Cézanne treated the rocks in this composition much as he did the fruits in his still lifes, rendering the shapes with passages of subtly varied color. Green, blue, and purple tints, with an accent of golden sunlight at center, impart a shimmering vibrancy to the stones. The sense of delicacy is enhanced by the thin, watercolor-like application of pigment, typical of Cézanne’s oils in the mid-1890s. Scholars traditionally identified the setting as the forest of Fontainebleau, where the artist worked around 1894, but it has also been suggested that the site is near Aix-en-Provence.
[Ambroise Vollard, Paris, ca. 1899–1901; stock book A, no. 3447; purchased from the artist for Fr 200; one of seven Cézannes sold and then shipped, on June 5, 1901, to the Havemeyers]; Mr. and Mrs. H. O. Havemeyer, New York (1901–his d. 1907); Mrs. H. O. (Louisine W.) Havemeyer, New York (1907–d. 1929; cat., 1931, p. 57)
New York. The Metropolitan Museum of Art. "The H. O. Havemeyer Collection," March 11–November 2, 1930, no. 8 [2nd ed., 1958, no. 64].
Philadelphia. Pennsylvania Museum of Art. "Cézanne," November 10–December 10, 1934, no. 42.
San Francisco Museum of Art. "Paul Cézanne: Exhibition of Paintings, Water-colors, Drawings and Prints," September 1–October 4, 1937, no. 31.
New York. Wildenstein & Co., Inc. "Six Masters of Post-Impressionism," April 8–May 8, 1948, no. 9.
Detroit Institute of Arts. "Thirty-Eight Great Paintings from The Metropolitan Museum of Art," October 2–28, 1951, no catalogue.
Art Gallery of Toronto. "Thirty-Eight Great Paintings from The Metropolitan Museum of Art," November 14–December 12, 1951, no catalogue.
City Art Museum of St. Louis. "Thirty-Eight Great Paintings from The Metropolitan Museum of Art," January 6–February 4, 1952, no catalogue.
Seattle Art Museum. "Thirty-Eight Great Paintings from The Metropolitan Museum of Art," March 1–June 30, 1952, no catalogue.
West Palm Beach, Fla. Norton Gallery and School of Art. "French Painting—David to Cézanne," February 4–March 1, 1953, no. 24.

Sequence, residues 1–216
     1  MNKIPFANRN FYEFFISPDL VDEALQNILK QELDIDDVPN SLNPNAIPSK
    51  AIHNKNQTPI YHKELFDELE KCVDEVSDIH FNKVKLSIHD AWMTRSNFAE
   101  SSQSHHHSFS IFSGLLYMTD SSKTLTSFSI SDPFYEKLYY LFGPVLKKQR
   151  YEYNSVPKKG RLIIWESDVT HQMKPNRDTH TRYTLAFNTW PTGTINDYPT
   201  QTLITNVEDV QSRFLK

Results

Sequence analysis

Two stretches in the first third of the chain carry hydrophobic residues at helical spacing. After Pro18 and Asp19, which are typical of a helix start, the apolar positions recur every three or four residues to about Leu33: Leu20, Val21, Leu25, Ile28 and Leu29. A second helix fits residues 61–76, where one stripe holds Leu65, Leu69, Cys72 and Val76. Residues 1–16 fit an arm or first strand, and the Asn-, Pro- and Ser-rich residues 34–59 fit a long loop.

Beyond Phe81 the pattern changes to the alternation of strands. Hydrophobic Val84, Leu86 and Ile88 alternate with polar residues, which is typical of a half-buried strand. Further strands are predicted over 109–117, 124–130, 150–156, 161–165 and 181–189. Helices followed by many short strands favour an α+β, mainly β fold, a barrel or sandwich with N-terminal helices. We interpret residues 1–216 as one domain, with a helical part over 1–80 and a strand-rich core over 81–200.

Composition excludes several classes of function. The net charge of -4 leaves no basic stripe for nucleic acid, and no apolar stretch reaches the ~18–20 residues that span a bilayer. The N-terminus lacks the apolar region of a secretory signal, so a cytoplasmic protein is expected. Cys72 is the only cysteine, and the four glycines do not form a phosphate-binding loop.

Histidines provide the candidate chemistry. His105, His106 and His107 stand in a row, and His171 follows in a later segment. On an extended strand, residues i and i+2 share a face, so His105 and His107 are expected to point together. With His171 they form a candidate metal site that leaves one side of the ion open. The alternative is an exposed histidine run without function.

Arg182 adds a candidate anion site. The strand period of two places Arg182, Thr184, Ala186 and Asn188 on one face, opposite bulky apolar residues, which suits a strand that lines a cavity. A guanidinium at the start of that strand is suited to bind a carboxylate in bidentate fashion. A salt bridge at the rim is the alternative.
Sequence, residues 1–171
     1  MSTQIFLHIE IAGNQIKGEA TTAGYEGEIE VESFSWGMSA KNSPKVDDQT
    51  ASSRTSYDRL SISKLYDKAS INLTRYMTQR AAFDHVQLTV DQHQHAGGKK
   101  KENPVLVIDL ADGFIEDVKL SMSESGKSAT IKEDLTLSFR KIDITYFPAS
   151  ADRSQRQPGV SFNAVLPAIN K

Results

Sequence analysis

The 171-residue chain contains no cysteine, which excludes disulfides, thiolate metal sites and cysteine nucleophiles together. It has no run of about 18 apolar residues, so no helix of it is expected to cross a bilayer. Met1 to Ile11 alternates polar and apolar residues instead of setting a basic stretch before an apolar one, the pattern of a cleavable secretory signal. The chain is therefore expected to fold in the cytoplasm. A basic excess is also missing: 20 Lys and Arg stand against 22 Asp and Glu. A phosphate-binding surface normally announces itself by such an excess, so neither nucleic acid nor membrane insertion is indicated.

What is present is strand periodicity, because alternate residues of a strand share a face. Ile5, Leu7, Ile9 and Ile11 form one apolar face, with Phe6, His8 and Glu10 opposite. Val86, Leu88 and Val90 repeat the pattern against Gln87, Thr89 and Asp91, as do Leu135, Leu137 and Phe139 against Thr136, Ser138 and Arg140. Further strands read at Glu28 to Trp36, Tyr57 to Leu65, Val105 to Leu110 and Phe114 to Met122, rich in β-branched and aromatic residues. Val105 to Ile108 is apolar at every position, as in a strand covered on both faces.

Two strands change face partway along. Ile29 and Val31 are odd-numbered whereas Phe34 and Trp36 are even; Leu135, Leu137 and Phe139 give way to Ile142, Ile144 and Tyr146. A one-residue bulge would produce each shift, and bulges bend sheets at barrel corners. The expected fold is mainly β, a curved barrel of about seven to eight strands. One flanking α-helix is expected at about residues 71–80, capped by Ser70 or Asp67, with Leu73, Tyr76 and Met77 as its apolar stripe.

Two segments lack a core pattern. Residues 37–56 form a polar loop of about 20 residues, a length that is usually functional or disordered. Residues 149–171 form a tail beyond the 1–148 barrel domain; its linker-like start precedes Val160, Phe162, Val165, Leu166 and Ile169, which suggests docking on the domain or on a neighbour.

Coral Gables, Fla. Lowe Gallery. "French Painting—David to Cézanne," March 11–31, 1953, no. 24.
Hartford, Conn. Wadsworth Atheneum. "Twentieth Century Painting from Three Cities," October 19–December 4, 1955, no. 9.
Berlin. Schloss Charlottenburg. "Die Ile de France und ihre Maler," September 29–November 24, 1963, no. 5.
Tokyo National Museum. "Treasured Masterpieces of The Metropolitan Museum of Art," August 10–October 1, 1972, no. 102.
Kyoto Municipal Museum of Art. "Treasured Masterpieces of The Metropolitan Museum of Art," October 8–November 26, 1972, no. 102.
New York. Museum of Modern Art. "Cézanne: The Late Work," October 7, 1977–January 3, 1978, no. 8.
Museum of Fine Arts, Houston. "Cézanne: The Late Work," January 25–March 21, 1978, no. 8.
Paris. Galeries Nationales du Grand Palais. "Cézanne: les dernières années (1895–1906)," April 20–July 23, 1978, no. 58.
Bordeaux. Galerie des Beaux-Arts. "Profil du Metropolitan Museum of Art de New York: de Ramsès à Picasso," May 15–September 1, 1981, no. 116.
New York. The Metropolitan Museum of Art. "Splendid Legacy: The Havemeyer Collection," March 27–June 20, 1993, no. A79.
Paris. Galeries Nationales du Grand Palais. "Cézanne," September 25, 1995–January 7, 1996, no. 158.
London. Tate Gallery. "Cézanne," February 8–April 28, 1996, no. 158.
Philadelphia Museum of Art. "Cézanne," May 30–September 1, 1996, no. 158.
Paris. Musée d'Orsay. "La collection Havemeyer: Quand l'Amérique découvrait l'impressionnisme...," October 20, 1997–January 18, 1998, no. 38.
Musée des Beaux-Arts, Marseilles. "Right under the Sun: Landscape in Provence from Classicism to Modernism (1750–1920)," May 18–August 21, 2005, no. 34.
Montreal Museum of Fine Arts. "Right under the Sun: Landscape in Provence from Classicism to Modernism (1750–1920)," September 22, 2005–January 8, 2006, no. 34.
Paris. Musée du Luxembourg. "Cézanne et Paris," October 12, 2011–February 26, 2012, no. 60 (as "Rochers à Fontainebleau," ca. 1893).
National Art Center, Tokyo. "Cézanne. Paris-Provence," March 28–June 11, 2012, no. 35.